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Bangkok's Working Class Communities Face Tougher Times as Prices Soar

All over the world, working class and poor families bear the brunt of rising food and fuel costs. In Bangkok, Ron Corben visits a slum area to see how people are coping. He reports that charities are stepping up efforts to help families, as fears grow that things will only get worse.

In the bustle of Bangkok's inner city lies the working class area of the Klong Toey port.

In this crowded neighborhood, just surviving has never been easy. Now, it is growing even tougher.

In Thailand, inflation is at 10 year highs, with rice - the country's staple food - doubling in price already this year. The country's central bank warns inflation will get even worse over the months ahead.

In the Klong Toey morning market, residents gather at small outdoor restaurants as shop owners start the day. The business people are pessimistic.

Lasalin sells newspapers and magazines. She says the government has not paid attention to people's needs.

She says the government has been troubled by political protests and survival over recent months rather than helping the people's economic problems. And, she complains, everything is more expensive.

A man who sells charms and necklaces agrees.

People, he says, have less money. And oil and other goods are costing more, which affects families.

Most in the Klong Toey area earn little more than $150 a month. Many live close to national poverty line of just under $100 a month. And wages are dropping as the country copes with higher prices.

In Thailand there has been a sharp drop in the number of people characterized as poor in recent years. But still, the government lists almost 10 percent of the country's 65 million people as poor.

Father Joe Maier, a Catholic priest who has worked in Klong Toey for three decades, fears that progress made in the area's economy over the past few years will be lost if things do not improve.

"This is a community, we don't grow anything around here - we buy and sell and work and sell our sweat," he said. "And it's getting worse and nothing's going to get better until somebody really tries to do something and we don't see that happening."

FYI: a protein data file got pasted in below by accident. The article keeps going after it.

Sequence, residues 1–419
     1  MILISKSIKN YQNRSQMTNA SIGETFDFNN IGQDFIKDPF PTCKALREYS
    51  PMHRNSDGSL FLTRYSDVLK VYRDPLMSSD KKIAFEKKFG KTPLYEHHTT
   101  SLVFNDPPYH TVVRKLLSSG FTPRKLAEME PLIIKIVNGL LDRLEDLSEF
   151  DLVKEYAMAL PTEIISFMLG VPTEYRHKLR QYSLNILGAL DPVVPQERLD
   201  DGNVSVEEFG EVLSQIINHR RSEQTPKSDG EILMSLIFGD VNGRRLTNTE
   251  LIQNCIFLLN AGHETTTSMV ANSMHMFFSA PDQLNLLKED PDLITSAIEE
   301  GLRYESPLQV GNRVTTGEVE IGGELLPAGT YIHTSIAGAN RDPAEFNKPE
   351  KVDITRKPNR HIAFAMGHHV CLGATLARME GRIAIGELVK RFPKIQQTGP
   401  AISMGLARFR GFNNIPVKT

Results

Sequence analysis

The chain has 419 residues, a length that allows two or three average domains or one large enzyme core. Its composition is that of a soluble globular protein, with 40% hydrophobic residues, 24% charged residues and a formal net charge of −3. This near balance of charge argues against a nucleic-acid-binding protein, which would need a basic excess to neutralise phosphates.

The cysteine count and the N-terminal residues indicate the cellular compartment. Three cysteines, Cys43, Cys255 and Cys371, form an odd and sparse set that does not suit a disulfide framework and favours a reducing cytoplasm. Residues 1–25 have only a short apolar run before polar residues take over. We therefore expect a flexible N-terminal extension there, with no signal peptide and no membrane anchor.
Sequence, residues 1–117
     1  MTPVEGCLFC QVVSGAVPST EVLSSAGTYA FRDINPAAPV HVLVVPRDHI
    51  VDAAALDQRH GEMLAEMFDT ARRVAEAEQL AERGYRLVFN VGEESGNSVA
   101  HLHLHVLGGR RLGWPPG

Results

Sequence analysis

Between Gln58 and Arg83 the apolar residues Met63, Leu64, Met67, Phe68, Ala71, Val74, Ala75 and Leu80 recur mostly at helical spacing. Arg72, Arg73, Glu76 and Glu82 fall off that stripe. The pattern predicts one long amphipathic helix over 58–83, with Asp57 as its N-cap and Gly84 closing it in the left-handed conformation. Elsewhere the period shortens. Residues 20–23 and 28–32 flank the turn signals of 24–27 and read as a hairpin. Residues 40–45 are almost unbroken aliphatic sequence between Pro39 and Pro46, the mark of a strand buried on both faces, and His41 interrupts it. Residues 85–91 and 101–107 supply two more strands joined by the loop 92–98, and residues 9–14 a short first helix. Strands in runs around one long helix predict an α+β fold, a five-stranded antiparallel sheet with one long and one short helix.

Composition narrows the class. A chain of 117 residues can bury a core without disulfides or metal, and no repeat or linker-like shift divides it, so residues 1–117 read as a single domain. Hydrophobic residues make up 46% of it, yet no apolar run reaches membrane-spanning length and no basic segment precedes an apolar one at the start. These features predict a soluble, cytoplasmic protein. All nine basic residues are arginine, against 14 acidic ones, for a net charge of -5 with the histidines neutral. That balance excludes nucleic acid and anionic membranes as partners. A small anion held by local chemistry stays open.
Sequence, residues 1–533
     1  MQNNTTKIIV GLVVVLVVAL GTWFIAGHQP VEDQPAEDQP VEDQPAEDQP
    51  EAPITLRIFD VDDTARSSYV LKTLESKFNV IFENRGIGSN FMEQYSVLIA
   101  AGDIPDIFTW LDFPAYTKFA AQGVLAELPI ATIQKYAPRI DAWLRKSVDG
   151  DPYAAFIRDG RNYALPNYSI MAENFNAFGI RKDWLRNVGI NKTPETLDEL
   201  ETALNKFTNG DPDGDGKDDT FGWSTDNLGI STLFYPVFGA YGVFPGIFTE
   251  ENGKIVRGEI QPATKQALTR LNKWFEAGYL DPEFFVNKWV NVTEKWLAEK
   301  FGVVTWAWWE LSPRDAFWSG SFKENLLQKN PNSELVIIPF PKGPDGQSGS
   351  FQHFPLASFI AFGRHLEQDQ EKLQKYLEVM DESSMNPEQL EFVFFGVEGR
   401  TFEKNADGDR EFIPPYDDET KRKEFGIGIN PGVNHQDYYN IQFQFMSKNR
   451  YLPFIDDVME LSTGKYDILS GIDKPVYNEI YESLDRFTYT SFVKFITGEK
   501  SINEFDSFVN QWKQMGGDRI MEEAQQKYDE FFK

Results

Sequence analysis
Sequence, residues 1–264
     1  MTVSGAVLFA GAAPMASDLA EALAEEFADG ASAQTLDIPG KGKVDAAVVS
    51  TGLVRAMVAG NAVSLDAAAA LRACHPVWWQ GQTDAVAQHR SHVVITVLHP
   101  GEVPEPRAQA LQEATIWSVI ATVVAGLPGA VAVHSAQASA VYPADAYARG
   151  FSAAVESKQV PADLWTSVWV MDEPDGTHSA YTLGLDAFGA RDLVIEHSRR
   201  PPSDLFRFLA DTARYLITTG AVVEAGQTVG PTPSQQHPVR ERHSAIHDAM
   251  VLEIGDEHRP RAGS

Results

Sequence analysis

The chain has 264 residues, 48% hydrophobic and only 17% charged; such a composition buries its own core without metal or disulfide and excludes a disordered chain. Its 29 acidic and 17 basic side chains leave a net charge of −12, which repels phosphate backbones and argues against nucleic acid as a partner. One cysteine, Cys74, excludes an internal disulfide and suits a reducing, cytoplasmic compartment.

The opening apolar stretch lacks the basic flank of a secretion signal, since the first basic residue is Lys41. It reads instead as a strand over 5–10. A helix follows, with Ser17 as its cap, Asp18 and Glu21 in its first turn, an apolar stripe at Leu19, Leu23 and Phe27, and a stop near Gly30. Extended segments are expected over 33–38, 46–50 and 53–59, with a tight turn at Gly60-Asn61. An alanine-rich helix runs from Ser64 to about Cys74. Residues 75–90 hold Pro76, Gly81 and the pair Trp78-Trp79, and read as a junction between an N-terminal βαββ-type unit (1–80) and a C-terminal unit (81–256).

Maier sees signs of increasing economic stress in Klong Toey. Families are starting to cut back, with children's education often the first casualty.

"There's more kids coming to us, there is more kids on the streets, there's more kids who can't go to school," he said. "The price of rice is unbelievable. People who are used to salaries say of 4,000 baht (125 dollars) - now that salary is worth 3,000 baht (94 dollars) at the most - so they've got to cut corners - they've got to eat."

Maier oversees a community center and since January the center has stepped up spending to help families send their children to school.

Increasing numbers of people are seeking emergency rice donations, leading the center to reduce the amount given out to three kilograms per family, from five kilograms.

Maier worries that the center lacks the capacity help more families.

"Oh Lord, oh Lord I don't know what we can do - we can keep feeding kids and we can still teach them in school - we're a place of hope and joy - hope no matter what," he said. "We'll carry on. It's a lot more drastic than it was three months ago - if you come back three months from now it's going to be much, much worse."

Rising costs can have tragic consequences. Nitaya Pakkayaka works at the community center. She says for one man, the financial pressures became too much.

"They had a father who committed suicide drinking a poison because he has two daughters who go to the school and he doesn't have the money to pay the school fee and the school sending the letter asking the money, so he is drinking the poison to kill himself," Nitaya said. "And his wife ran away because she doesn't want to take any responsibility. These problems are happening more and more in the society in Klong Toey."

The Thai government has begun giving food coupons to the poor. But many aid groups question whether the program will reach the hardest hit. The real problem, say aid workers, is that the costs of day to day essentials just keep rising - and there is little end in sight to the higher prices.